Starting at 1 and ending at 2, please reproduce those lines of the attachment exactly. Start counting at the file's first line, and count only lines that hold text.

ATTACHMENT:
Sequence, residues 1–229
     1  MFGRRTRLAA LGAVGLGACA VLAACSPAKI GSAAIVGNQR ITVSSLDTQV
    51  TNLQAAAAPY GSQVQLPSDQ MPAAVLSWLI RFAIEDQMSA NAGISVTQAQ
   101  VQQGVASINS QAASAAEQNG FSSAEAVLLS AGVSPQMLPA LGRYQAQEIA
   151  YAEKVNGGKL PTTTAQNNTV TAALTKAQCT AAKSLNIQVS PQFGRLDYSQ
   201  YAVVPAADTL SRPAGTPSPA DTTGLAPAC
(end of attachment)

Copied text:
Sequence, residues 1–229
     1  MFGRRTRLAA LGAVGLGACA VLAACSPAKI GSAAIVGNQR ITVSSLDTQV